Mahr
Head - Human Resources
Boond
Handling Operations.
Tajsateesh
Recruitment/talent Acquisition, Career Counselling

9 Things That Motivate Employees More Than Money:

1. Be generous with praise. Everyone wants it and it’s one of the easiest things to give. Plus, praise from the CEO goes a lot farther than you might think. Praise every improvement that you see your team members make. Once you’re comfortable delivering praise one-on-one to an employee, try praising them in front of others.

2. Get rid of the managers. Projects without project managers? That doesn’t seem right! Try it. Removing the project lead or supervisor and empowering your staff to work together as a team rather then everyone reporting to one individual can do wonders. Think about it. What’s worse than letting your supervisor down? Letting your team down! Allowing people to work together as a team, on an equal level with their co-workers, will often produce better projects faster. People will come in early, stay late, and devote more of their energy to solving problems.

3. Make your ideas theirs. People hate being told what to do. Instead of telling people what you want done; ask them in a way that will make them feel like they came up with the idea. “I’d like you to do it this way” turns into “Do you think it’s a good idea if we do it this way?”

4. Never criticize or correct. No one, and I mean no one, wants to hear that they did something wrong. If you’re looking for a de-motivator, this is it. Try an indirect approach to get people to improve, learn from their mistakes, and fix them. Ask, “Was that the best way to approach the problem? Why not? Have any ideas on what you could have done differently?” Then you’re having a conversation and talking through solutions, not pointing a finger.



5. Make everyone a leader. Highlight your top performers’ strengths and let them know that because of their excellence, you want them to be the example for others. You’ll set the bar high and they’ll be motivated to live up to their reputation as a leader.

6. Take an employee to lunch once a week. Surprise them. Don’t make an announcement that you’re establishing a new policy. Literally walk up to one of your employees, and invite them to lunch with you. It’s an easy way to remind them that you notice and appreciate their work.

7. Give recognition and small rewards. These two things come in many forms: Give a shout out to someone in a company meeting for what she has accomplished. Run contests or internal games and keep track of the results on a whiteboard that everyone can see. Tangible awards that don’t break the bank can work too. Try things like dinner, trophies, spa services, and plaques.

8. Throw company parties. Doing things as a group can go a long way. Have a company picnic. Organize birthday parties. Hold a happy hour. Don’t just wait until the holidays to do a company activity; organize events throughout the year to remind your staff that you’re all in it together.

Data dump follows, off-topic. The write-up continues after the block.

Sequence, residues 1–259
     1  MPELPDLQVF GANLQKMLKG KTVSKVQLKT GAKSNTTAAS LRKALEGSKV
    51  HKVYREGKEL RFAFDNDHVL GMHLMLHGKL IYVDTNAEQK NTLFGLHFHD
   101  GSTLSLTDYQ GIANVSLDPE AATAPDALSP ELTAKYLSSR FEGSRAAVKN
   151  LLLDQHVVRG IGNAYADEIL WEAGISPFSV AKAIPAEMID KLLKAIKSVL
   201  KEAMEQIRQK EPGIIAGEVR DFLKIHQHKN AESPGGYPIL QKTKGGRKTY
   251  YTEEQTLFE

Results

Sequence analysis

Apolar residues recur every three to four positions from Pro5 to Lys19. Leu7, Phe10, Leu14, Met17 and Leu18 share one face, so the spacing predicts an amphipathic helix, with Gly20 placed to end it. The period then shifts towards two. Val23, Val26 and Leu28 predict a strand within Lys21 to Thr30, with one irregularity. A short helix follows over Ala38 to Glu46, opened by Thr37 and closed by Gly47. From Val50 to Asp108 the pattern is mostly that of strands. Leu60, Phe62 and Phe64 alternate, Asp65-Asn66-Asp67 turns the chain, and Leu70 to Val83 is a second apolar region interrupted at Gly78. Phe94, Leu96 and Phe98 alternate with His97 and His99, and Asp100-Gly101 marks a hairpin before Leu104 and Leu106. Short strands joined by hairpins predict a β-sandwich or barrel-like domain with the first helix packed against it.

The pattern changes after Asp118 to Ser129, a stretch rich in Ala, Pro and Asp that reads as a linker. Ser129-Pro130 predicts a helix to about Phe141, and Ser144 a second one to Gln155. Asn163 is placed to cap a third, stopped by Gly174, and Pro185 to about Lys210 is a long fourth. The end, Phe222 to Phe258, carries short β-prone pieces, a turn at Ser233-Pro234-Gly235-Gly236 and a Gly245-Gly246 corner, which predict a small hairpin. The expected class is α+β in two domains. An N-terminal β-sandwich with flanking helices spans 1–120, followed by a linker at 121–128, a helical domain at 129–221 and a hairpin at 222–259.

9. Share the rewards—and the pain. When your company does well, celebrate. This is the best time to let everyone know that you’re thankful for their hard work. Go out of your way to show how far you will go when people help your company succeed. If there are disappointments, share those too. If you expect high performance, your team deserves to know where the company stands. Be honest and transparent.

Source: Inc.com
2nd December 2011 From India, Bangalore
Well laid-out Mahesh.
Should be useful to those who wonder how to improve productivity without a lot of expenses.
And only goes to prove that: Money is important, but not 'the' important thing in career [or even life, for that matter], even from the employee's perspective.
Rgds,
TS
3rd December 2011 From India, Hyderabad
Never criticize or correct. No one, and I mean no one, wants to hear that they did something wrong. If you’re looking for a de-motivator, this is it. Try an indirect approach to get people to improve, learn from their mistakes, and fix them. Ask, “Was that the best way to approach the problem? Why not? Have any ideas on what you could have done differently?” Then you’re having a conversation and talking through solutions, not pointing a finger.
I really wish my boss could read the meaning of the above said lines. As this is the single reason I want to leave the job , though its satisfying my finacial goal but letting my morale down everytime I am told to apologise to all for a minor mistake. As a result I am making more mistakes.
I wish I could tell him , how it feels like!!!!!!
3rd December 2011 From India, Bangalore
Hello Boond,
For a change, why not copy this & send to your boss--saying someone just sent this to you & thought it would benefit the whole company if HE sent it to others within the company rather than you?
Get the message/reason?
[You could have mailed the Link to this thread too--would have been more appropriate, but then, I guess you would land into more trouble than now, since he would see your comments too :-)].
All the Best.
Rgds,
TS
3rd December 2011 From India, Hyderabad
yea , but i dnt knw how to send this as a link!!!! again a mistake or in my boss’s view "AN ACT OF IGNORANCE". Thanks for considering my frustration. Warm Regards
3rd December 2011 From India, Bangalore
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